Myths of the Norsemen From the Eddas and Sagas
Page: 92Further horrors, however, awaited those whose lives had been criminal or impure, these spirits being banished to Nastrond, the strand of corpses, where they waded in ice-cold streams of venom, through a cave made of wattled serpents, whose poisonous fangs were turned towards them. After suffering untold agonies there, they were washed down into the cauldron Hvergelmir, where the serpent Nidhug ceased for a moment gnawing the root of the tree Yggdrasil to feed upon their bones.
“A hall standing
Far from the sun
Its doors are northward turned,
In through its apertures;
Entwined is that hall
With serpents’ backs.
She there saw wading
The sluggish streams 
And him who the ear beguiles
Of another’s wife.
There Nidhog sucks
The corpses of the dead.”
Sæmund’s Edda (Thorpe’s tr.).
Pestilence and Famine
Hel herself was supposed occasionally to leave her dismal abode to range the earth upon her three-legged white horse, and in times of pestilence or famine, if a part of the inhabitants of a district escaped, she was said to use a rake, and when whole villages and provinces were depopulated, as in the case of the historical epidemic of the Black Death, it was said that she had ridden with a broom.
The Northern races further fancied that the spirits of the dead were sometimes allowed to revisit the earth and appear to their relatives, whose sorrow or joy affected them even after death, as is related in the Danish ballad of Aager and Else, where a dead lover bids his sweetheart smile, so that his coffin may be filled with roses instead of the clotted blood drops produced by her tears.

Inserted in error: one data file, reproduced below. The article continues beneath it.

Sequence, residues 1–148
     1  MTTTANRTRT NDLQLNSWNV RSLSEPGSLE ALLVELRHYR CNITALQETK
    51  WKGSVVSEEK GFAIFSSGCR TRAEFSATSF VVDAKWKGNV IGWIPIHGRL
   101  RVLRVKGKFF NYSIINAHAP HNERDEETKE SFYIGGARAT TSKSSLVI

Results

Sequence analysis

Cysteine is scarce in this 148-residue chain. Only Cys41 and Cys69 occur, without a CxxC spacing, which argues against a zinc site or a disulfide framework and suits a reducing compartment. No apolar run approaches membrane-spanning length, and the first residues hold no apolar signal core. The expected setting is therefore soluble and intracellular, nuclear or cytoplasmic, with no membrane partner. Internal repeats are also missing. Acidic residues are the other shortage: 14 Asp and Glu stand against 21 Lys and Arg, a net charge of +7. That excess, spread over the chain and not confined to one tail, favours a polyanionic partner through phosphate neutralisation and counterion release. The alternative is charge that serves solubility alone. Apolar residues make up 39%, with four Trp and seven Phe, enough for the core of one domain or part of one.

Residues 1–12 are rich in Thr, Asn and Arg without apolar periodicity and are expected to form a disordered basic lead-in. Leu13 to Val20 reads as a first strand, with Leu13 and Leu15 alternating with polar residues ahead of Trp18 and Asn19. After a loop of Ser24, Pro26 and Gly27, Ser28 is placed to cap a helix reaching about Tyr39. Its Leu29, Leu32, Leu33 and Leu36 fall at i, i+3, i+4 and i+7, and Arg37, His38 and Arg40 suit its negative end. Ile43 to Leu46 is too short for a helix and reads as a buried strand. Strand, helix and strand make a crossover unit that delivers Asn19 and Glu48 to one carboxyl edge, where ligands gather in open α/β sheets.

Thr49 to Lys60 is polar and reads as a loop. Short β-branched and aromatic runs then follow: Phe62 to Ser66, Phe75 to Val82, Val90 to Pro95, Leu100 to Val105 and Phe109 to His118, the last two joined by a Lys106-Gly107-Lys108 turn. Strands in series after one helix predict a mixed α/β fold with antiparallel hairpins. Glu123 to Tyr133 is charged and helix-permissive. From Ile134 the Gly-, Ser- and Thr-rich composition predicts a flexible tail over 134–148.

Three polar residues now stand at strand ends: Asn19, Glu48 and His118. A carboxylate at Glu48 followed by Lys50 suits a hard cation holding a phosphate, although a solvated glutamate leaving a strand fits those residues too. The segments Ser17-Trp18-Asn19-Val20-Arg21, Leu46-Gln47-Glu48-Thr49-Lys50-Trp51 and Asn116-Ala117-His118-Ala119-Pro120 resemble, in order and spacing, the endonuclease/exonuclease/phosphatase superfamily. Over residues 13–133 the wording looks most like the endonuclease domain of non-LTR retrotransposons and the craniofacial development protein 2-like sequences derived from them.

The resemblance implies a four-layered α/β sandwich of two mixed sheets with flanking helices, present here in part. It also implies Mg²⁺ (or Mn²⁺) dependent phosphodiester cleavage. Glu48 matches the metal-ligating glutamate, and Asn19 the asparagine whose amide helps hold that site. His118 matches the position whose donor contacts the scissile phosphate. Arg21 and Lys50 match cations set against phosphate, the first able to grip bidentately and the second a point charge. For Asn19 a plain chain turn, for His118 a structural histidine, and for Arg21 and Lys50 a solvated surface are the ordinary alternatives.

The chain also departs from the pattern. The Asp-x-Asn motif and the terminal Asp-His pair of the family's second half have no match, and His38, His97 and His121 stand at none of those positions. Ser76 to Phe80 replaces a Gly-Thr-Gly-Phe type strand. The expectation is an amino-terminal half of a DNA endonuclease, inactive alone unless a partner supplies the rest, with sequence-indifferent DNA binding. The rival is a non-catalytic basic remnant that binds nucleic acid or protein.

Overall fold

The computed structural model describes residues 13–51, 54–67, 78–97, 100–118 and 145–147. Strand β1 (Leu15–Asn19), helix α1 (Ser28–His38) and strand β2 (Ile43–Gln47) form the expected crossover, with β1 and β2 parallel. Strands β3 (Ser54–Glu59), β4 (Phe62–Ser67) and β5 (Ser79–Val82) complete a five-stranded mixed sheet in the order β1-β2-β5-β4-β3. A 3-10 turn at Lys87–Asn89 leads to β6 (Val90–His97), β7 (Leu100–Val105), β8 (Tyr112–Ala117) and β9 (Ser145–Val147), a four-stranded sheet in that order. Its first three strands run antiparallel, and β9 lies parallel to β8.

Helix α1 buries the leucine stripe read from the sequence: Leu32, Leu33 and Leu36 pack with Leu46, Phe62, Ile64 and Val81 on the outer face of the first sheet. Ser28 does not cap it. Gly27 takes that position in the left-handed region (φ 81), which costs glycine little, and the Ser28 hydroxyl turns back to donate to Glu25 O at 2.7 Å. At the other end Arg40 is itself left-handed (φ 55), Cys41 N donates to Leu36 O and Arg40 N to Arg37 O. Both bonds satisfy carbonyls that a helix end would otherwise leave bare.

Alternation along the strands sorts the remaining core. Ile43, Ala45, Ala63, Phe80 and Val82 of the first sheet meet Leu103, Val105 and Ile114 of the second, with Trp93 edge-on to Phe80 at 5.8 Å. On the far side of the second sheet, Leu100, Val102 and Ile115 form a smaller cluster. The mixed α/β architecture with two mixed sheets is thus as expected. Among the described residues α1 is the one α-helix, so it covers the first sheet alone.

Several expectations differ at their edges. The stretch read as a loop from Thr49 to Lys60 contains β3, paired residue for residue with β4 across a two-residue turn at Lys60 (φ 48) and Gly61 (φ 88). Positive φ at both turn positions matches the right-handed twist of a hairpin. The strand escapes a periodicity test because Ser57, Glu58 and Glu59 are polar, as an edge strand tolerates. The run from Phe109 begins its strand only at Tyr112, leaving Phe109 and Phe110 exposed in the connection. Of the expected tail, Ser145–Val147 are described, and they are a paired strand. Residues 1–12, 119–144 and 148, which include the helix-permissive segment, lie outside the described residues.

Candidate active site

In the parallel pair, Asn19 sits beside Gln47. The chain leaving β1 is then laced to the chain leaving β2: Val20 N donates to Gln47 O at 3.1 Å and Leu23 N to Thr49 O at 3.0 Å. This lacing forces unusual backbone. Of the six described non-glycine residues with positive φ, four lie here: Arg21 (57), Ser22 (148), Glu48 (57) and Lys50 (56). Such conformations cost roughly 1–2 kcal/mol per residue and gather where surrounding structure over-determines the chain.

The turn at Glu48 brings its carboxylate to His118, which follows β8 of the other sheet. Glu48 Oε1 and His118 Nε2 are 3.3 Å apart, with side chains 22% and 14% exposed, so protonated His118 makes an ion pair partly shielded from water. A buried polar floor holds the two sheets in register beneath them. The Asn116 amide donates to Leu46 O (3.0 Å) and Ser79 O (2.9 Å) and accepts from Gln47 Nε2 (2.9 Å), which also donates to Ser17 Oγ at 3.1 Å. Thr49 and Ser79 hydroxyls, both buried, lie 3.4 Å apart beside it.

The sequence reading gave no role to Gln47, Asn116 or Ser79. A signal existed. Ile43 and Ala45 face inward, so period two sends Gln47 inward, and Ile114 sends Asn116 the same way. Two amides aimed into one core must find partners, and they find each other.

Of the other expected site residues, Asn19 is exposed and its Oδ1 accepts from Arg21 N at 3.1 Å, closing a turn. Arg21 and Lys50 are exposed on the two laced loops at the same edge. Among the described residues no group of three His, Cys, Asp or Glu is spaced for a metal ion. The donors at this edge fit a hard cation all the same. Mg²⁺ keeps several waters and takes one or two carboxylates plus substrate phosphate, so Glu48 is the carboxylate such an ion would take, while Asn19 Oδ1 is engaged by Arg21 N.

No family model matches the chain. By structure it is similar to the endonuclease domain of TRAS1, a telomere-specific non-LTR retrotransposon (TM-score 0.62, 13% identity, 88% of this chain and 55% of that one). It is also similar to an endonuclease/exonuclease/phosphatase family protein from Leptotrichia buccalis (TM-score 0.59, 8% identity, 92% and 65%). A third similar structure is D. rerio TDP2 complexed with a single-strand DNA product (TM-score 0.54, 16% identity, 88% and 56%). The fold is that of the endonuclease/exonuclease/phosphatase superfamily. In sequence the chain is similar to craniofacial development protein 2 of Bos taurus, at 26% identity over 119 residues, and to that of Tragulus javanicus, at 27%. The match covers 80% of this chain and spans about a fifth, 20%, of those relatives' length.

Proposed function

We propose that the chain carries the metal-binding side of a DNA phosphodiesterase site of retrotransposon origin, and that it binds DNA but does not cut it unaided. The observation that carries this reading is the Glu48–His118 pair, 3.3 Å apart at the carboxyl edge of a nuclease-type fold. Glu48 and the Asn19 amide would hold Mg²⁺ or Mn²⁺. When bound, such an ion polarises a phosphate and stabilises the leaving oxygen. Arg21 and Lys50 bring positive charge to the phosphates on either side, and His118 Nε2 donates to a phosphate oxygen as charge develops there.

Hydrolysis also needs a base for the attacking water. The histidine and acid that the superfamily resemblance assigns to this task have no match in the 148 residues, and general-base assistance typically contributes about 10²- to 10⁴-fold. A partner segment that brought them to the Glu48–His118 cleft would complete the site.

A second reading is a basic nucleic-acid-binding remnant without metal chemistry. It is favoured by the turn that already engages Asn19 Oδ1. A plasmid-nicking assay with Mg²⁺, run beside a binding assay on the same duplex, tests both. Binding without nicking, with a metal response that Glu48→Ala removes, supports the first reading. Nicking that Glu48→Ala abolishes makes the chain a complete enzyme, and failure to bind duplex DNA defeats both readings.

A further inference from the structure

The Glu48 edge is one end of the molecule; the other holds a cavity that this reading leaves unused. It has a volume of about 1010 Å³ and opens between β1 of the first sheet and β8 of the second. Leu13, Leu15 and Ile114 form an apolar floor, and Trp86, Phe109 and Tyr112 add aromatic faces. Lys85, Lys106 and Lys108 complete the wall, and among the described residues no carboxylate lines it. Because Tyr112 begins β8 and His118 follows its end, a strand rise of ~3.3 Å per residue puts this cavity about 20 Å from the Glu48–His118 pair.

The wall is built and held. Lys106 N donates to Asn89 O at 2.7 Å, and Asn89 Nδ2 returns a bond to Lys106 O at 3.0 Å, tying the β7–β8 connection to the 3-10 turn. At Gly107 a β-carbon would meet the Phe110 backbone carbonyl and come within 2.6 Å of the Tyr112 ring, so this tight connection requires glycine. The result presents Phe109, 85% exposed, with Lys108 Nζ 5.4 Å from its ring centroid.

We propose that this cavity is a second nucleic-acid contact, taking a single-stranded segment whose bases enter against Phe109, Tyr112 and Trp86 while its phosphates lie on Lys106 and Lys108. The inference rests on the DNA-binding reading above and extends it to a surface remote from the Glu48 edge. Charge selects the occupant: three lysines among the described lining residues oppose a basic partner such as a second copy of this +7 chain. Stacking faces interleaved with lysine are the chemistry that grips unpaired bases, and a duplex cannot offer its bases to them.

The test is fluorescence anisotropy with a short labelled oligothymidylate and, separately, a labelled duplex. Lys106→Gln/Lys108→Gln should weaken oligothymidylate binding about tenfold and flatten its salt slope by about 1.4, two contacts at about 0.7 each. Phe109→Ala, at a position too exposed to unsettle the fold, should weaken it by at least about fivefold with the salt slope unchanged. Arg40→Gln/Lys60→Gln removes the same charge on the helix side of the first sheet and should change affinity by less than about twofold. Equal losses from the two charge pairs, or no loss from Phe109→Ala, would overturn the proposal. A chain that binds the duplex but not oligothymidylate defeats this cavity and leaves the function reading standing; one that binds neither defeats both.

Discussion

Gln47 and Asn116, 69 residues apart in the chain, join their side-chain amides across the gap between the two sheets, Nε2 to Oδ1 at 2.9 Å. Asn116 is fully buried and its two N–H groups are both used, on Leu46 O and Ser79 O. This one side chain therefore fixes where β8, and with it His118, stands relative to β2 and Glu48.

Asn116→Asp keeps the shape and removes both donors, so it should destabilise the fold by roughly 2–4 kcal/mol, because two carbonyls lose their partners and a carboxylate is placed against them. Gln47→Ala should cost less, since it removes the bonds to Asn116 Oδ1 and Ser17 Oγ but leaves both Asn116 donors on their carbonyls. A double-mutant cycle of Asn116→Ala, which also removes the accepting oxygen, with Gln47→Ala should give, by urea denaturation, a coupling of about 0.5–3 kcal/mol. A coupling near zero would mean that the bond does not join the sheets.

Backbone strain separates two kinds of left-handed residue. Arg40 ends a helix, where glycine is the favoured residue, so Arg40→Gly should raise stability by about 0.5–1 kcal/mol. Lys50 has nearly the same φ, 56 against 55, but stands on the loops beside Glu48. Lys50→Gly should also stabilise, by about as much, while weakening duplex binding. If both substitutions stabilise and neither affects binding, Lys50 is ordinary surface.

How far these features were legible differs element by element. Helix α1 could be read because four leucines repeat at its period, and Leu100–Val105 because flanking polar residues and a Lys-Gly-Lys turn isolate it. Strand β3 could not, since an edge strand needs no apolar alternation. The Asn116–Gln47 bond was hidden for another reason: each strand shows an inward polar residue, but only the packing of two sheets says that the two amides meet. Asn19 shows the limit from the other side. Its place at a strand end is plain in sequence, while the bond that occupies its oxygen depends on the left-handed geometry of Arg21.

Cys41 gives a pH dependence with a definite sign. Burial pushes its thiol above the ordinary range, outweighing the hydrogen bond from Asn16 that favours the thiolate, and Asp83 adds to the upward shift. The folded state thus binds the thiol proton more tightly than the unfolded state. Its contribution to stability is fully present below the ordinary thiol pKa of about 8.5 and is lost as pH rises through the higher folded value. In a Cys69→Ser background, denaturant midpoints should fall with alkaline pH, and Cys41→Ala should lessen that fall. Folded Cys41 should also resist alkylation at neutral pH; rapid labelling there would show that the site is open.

“‘Listen now, my good Sir Aager!
Dearest bridegroom, all I crave
Is to know how it goes with thee
In that lonely place, the grave.’
“‘Every time that thou rejoicest,
And art happy in thy mind,
Are my lonely grave’s recesses
All with leaves of roses lined.’
“‘Every time that, love, thou grievest,
And dost shed the briny flood,
Are my lonely grave’s recesses
Filled with black and loathsome blood.’”
Ballad of Aager and Else (Longfellow’s tr.). 
Chapter XX: Ægir
The God of the Sea
Besides Niörd and Mimir, who were both ocean divinities, the one representing the sea near the coast and the other the primæval ocean whence all things were supposed to have sprung, the Northern races recognised another sea-ruler, called Ægir or Hler, who dwelt either in the cool depths of his liquid realm or had his abode on the Island of Lessoe, in the Cattegat, or Hlesey.
“Beneath the watery dome,
With crystalline splendour,
In radiant grandeur,
Upreared the sea-god’s home.
More dazzling than foam of the waves
E’er glimmered and gleamed thro’ deep caves
The glistening sands of its floor,
Like some placid lake rippled o’er.”
Valhalla (J. C. Jones).
Ægir (the sea), like his brothers Kari (the air) and Loki (fire), is supposed to have belonged to an older dynasty of the gods, for he ranked neither with the Æsir, the Vanas, the giants, dwarfs, or elves, but was considered omnipotent within his realm.